He clearly loved technology, and it was a joy to see him wade in to technical detail with staff at all levels, even when he was CIO. I’d see their faces light up, knowing that this very senior person valued their work.

We had our share of laughs, and experienced occasional cultural and language differences – like when he had to spend quite a bit of time describing the significance and context of the “broad, sunlit uplands” to us – necessary, in his view, for us to create our team vision.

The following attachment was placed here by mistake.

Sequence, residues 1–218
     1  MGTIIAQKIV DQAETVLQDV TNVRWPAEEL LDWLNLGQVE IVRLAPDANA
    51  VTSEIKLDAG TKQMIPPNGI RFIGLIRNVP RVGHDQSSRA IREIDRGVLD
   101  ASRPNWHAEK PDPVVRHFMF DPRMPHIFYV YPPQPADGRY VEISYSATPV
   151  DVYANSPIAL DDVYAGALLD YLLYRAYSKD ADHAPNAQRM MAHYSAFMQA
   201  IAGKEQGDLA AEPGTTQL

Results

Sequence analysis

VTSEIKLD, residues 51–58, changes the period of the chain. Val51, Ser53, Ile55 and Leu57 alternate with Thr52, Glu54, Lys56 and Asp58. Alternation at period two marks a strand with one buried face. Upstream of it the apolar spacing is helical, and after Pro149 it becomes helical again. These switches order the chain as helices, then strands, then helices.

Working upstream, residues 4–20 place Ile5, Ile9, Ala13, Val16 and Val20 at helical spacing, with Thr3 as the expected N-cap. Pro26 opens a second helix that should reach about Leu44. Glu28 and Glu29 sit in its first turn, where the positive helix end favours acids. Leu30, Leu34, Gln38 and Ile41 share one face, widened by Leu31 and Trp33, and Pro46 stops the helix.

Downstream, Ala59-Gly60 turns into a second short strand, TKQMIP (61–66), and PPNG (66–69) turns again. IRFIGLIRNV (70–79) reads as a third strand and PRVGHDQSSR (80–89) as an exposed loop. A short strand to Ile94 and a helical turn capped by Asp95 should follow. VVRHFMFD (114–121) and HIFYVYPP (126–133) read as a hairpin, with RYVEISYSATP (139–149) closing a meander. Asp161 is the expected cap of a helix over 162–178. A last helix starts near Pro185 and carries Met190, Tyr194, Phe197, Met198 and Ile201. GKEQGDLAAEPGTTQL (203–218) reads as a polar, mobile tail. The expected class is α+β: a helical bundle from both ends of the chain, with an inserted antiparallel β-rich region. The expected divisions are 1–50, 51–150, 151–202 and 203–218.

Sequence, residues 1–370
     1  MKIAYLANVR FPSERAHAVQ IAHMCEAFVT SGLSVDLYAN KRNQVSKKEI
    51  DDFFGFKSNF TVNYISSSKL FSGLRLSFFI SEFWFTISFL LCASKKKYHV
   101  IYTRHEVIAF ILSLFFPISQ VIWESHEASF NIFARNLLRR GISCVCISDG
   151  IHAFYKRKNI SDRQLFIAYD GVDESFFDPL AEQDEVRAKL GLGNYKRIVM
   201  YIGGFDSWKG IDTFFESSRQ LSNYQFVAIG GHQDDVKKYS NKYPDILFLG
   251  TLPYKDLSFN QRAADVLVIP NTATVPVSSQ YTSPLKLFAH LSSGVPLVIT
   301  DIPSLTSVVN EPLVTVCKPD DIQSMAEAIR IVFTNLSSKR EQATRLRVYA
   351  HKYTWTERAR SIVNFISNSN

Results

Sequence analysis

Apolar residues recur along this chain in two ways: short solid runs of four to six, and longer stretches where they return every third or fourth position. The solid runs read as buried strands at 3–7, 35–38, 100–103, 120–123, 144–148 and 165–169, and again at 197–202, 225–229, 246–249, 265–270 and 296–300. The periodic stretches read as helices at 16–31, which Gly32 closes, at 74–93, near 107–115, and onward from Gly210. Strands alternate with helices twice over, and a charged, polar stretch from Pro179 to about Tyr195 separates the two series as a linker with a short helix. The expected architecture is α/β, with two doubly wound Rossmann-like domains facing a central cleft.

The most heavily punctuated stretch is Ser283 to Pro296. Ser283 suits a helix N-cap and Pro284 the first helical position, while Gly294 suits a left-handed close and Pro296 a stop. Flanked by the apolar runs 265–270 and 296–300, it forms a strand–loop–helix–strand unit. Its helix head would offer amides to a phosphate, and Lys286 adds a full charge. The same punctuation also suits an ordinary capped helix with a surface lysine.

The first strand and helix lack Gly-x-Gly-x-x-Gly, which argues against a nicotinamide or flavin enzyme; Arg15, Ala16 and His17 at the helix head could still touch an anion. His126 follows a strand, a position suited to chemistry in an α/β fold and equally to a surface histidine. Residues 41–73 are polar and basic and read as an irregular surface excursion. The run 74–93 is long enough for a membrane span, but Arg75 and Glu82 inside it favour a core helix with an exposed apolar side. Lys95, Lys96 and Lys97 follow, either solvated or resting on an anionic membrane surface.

Geoff gave me an enormously challenging assignment with the instructions to “do whatever I needed to do to make this happen, but don’t slow down”. I had the feeling he was Henry V and I was one of the soldiers headed to battle on St. Swithin’s Day during that conversation. He retired during that assignment and it was my last role at Schwab. I missed him a great deal, but learned in the years since to enjoy his annual newsletter about things he was learning and doing, and trips he and his family were taking. His version of retirement seemed to me the right way to go about it. I hope to continue learning from him.

My condolences to the whole Penney family.